At Rome the tidings of the disaster caused panic and dismay. The Emperor Augustus, now an aged man, for days wandered aimlessly through the splendid apartments of his palace. "Varus I Varus I Give me back my legions!" he wailed, and, in terror lest the Germans should march on Rome itself, he prepared to strengthen his armies. But his people, thoroughly disheartened, refused to serve any more against those terrible barbarians. It was not until several years later that an army was raised to proceed under Germanicus, son of Drusus, to the spot in the Teutoburg Forest where their countrymen had fallen.

There they found the bones of the dead still whitening the ground, and an army of fierce Germans ready to repeat their exploits of five years before. The bones were collected by the Romans and reverently burnt on a funeral pyre, while Germanicus in a fierce harangue exhorted his men to avenge their fallen comrades and the shame that they had suffered. He then led the Romans against the German centre, which gave way; but barbarian warriors sprang up all around, and only with extreme difficulty did Germanicus manage to secure his retreat. Twice again the next year he renewed the attack, but with such indifferent results that the Emperor Tiberius, who had now succeeded Augustus on the throne, commanded his immediate return.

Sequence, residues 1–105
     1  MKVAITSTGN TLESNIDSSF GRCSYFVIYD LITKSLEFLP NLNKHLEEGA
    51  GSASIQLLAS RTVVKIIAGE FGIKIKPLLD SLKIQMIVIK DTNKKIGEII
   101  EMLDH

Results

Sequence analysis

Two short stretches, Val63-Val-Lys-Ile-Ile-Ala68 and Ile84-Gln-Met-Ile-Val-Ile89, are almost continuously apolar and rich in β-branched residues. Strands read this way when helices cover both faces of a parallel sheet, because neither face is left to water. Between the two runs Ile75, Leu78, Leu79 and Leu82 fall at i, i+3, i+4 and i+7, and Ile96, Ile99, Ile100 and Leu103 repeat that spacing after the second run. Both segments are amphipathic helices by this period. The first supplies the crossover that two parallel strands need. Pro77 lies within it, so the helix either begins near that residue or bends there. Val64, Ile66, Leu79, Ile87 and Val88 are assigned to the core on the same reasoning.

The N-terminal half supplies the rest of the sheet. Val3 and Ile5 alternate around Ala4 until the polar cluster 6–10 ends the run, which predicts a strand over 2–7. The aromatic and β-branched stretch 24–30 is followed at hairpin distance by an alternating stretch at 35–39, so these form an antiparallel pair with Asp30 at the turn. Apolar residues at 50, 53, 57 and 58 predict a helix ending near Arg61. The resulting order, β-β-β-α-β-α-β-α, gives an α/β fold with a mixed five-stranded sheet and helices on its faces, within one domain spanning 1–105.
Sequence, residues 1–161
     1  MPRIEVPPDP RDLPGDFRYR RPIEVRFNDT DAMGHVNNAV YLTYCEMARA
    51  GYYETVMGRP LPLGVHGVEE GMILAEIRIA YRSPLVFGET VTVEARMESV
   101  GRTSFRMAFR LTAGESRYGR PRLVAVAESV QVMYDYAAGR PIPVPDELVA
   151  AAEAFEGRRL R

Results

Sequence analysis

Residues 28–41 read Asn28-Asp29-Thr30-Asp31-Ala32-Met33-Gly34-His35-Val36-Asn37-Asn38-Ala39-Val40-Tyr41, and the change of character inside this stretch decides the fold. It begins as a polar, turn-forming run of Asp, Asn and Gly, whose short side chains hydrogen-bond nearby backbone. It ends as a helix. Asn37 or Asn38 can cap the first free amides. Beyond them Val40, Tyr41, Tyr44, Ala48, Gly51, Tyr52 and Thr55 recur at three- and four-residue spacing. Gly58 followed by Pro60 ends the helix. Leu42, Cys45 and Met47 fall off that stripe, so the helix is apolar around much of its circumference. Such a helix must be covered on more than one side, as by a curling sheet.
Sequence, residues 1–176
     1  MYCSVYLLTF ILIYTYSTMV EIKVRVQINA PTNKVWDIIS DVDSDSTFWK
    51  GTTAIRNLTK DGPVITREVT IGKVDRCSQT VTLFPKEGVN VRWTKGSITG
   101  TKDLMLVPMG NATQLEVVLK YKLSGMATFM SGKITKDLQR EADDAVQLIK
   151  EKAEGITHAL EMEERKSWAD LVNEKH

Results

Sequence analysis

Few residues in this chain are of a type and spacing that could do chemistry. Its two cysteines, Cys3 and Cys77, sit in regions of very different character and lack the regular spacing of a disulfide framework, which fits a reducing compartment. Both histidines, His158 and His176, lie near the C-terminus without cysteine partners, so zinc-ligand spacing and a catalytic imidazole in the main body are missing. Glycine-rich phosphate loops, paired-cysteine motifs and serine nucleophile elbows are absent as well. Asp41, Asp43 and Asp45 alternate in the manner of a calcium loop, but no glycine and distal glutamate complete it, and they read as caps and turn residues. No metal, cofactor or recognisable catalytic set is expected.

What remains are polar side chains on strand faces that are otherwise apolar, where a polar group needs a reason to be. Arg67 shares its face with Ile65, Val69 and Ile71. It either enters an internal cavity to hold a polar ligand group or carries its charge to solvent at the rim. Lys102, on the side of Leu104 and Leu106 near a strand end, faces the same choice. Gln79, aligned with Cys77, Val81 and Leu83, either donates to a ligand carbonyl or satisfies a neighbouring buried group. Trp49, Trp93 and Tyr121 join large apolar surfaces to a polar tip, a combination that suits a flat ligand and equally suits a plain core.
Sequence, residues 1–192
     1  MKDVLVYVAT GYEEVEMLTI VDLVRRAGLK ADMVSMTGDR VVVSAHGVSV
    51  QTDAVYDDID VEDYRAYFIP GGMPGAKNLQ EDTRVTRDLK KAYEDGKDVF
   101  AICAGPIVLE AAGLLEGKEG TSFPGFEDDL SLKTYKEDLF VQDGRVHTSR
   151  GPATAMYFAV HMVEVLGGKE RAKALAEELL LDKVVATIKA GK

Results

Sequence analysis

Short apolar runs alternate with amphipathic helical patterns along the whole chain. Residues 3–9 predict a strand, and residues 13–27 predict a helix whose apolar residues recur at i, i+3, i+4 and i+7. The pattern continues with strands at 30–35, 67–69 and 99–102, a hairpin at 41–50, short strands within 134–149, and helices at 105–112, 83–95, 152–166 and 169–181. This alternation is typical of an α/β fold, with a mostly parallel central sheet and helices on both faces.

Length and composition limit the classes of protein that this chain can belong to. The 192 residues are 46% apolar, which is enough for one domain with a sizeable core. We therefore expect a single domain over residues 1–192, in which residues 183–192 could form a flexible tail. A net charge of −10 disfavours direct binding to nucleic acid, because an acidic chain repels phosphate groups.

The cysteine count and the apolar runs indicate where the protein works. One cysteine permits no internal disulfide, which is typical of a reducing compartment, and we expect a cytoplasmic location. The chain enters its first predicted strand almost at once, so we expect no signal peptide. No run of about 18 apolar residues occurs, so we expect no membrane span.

"There have been enough," he said, "of victories and conquests. The Germans may now be safely left to their own feuds, which in the end will destroy them more effectively than Roman swords."

So the Romans built a great boundary wall near the Rhine to hem the barbarians in; along the line were towers and fortresses, and towns grew up there, such as Strasburg, Cologne, and Coblenz. They traded with the Germans for horses and cattle, furs, yellow amber, and the beautiful golden hair of their wives, which the Roman ladies wore with pride, bleaching their raven locks to the same hue. And in return the Romans gave gold and silver ornaments and sweet southern wine. They also taught the Germans how to convert the sunniest and most sheltered slopes of land into vineyards, and how to grow many of the southern vegetables and fruit. The brave Hermann was slain by the treachery of his own relatives when only thirty-seven years of age, and after his death the old disunion broke out anew among the tribes. But for many years there was peace between Germany and Rome, until the increase in their population led the northerners to wander once more and seek new territory for their homes.